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Detecting & Reducing Formaldehyde Levels in the Home

Posted on December 11, 2013

H2 Environmental can help homeowners detect & reduce harmful levels of formaldehyde

indoor air qualityMost people associate formaldehyde with science or medical research labs where it is used to preserve tissue samples. You might be surprised and upset to discover that this chemical can also be found in your home. A variety of pressed wood products can release formaldehyde in gas form, and as this gas accumulates you may find your family members experiencing symptoms ranging from eye, nose, and throat irritation to asthma attacks, headaches, or severe allergic reactions. There is even speculation that formaldehyde exposure can cause cancer—it has done so in animal studies. Fortunately, you can detect and reduce formaldehyde levels in the home with help from H2 Environmental.

Detecting Formaldehyde

While there are home formaldehyde testing kits available for consumers to use on your own, you will get a more accurate result if you engage a professional indoor air quality specialist to conduct the air sampling and testing. Professionals may have access to technologies that you wouldn’t be able to utilize on your own, and their expertise will be necessary in order to properly interpret the results of the testing and make sure any complicating factors are accounted for.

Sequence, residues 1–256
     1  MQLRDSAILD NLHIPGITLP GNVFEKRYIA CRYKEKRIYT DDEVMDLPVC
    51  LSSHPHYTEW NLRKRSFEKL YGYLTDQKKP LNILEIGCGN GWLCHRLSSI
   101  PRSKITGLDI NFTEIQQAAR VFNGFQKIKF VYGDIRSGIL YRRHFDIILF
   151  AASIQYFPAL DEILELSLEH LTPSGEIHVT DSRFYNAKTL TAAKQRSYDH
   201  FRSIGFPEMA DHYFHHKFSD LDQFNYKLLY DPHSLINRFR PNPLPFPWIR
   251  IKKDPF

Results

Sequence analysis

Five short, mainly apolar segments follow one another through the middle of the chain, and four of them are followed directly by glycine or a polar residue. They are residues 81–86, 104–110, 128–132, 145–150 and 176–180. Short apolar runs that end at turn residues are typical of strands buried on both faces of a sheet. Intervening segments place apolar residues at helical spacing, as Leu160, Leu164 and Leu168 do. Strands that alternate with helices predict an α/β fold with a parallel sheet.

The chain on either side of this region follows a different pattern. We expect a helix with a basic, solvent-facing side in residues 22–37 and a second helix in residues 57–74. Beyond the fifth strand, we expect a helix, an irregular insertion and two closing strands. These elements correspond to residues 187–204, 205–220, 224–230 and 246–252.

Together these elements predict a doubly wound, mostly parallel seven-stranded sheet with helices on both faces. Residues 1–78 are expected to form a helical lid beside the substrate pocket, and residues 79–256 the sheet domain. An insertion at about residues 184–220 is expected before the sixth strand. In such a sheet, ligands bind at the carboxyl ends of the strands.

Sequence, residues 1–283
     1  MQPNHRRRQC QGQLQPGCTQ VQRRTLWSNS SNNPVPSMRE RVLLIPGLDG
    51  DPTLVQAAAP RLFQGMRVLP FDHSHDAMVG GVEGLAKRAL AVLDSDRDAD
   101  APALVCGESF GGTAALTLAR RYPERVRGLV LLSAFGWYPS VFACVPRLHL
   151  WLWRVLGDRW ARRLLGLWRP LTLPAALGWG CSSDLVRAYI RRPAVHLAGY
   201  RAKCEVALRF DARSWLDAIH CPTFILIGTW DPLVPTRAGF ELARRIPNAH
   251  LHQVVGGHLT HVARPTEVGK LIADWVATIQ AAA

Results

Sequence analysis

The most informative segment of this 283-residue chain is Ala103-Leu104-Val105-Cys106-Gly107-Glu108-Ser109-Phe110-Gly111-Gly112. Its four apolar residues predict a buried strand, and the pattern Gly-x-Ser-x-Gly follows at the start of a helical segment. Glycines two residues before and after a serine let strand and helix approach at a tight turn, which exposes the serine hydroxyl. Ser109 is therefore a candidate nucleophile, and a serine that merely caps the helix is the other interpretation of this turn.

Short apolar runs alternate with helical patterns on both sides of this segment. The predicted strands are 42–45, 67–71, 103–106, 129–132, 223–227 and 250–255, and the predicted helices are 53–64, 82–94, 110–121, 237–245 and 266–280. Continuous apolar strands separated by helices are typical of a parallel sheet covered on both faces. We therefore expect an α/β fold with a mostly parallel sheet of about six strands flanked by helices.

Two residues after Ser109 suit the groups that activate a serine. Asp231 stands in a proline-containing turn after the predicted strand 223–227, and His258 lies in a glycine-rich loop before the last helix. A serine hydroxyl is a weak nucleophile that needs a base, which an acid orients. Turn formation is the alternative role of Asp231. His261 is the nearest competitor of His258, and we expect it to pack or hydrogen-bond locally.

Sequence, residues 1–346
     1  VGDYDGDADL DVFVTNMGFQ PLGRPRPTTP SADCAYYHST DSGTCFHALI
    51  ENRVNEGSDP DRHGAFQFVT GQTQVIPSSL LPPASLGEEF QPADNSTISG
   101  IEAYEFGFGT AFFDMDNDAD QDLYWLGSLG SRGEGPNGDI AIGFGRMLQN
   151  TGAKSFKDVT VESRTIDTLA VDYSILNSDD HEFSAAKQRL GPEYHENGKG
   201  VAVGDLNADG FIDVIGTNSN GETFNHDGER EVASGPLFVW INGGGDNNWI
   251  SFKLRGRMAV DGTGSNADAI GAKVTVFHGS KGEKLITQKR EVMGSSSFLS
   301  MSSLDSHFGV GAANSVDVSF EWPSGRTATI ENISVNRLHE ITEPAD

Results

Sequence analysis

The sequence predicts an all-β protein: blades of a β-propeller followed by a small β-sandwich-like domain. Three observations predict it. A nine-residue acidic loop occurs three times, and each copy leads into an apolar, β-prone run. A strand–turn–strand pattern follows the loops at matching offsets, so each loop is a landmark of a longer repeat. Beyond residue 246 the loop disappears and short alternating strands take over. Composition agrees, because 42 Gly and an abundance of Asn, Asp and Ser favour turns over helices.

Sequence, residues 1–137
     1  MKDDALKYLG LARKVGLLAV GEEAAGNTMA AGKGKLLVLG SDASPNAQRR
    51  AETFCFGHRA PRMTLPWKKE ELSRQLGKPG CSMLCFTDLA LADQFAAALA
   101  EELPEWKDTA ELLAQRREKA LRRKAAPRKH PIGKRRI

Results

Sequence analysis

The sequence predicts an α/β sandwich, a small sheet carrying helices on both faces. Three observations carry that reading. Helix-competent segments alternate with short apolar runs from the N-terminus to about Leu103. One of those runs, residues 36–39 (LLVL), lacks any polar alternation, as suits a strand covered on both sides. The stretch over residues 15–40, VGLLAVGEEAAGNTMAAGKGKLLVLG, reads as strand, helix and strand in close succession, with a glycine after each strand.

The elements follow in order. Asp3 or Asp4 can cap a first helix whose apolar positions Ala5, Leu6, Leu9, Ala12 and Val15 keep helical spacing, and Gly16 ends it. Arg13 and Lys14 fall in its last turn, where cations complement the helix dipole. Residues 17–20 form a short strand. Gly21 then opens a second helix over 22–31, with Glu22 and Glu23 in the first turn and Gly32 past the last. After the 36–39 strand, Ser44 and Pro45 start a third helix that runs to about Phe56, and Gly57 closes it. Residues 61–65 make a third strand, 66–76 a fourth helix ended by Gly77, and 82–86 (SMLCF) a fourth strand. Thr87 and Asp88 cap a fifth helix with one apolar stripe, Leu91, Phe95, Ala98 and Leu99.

Identifying Sources of Formaldehyde

A professional from H2 Environmental can also help look for common sources of formaldehyde emissions. These may include pressed wood products, wood floor finishes, and certain wallpapers and paints. Formaldehyde can also be released during the combustion of cigarettes, kerosene, gasoline, and wood. The chemical reactions between ozone and certain VOCs that may occur during the operation of computers, laser printers, and photocopiers are another potential source of formaldehyde.

Reducing Formaldehyde Levels

Formaldehyde is naturally present in low concentrations in both indoor and outdoor air, but when concentrations exceed 0.03 ppm, this is considered a problem. If your formaldehyde levels are above this threshold, H2 Environmental can help you create a remediation plan. This plan will probably include a combination of the following tactics:

  • Remove formaldehyde-emitting items from your home
  • Seal the surfaces of formaldehyde-emitting items (this is problematic because you must be sure the sealant does not contain formaldehyde or other VOCs)
  • Replace formaldehyde-emitting pressed wood furniture, flooring, or paneling with composites rated Ultra Low Emission Formaldehyde (ULEF) or No Added Formaldehyde (NAF).
  • Improve home ventilation to allow emissions to dissipate naturally to safe levels
  • Avoid high indoor temperatures as emissions increase when temperatures rise
  • Keep indoor humidity between 40 and 50 percent, as high humidity increases emission rates
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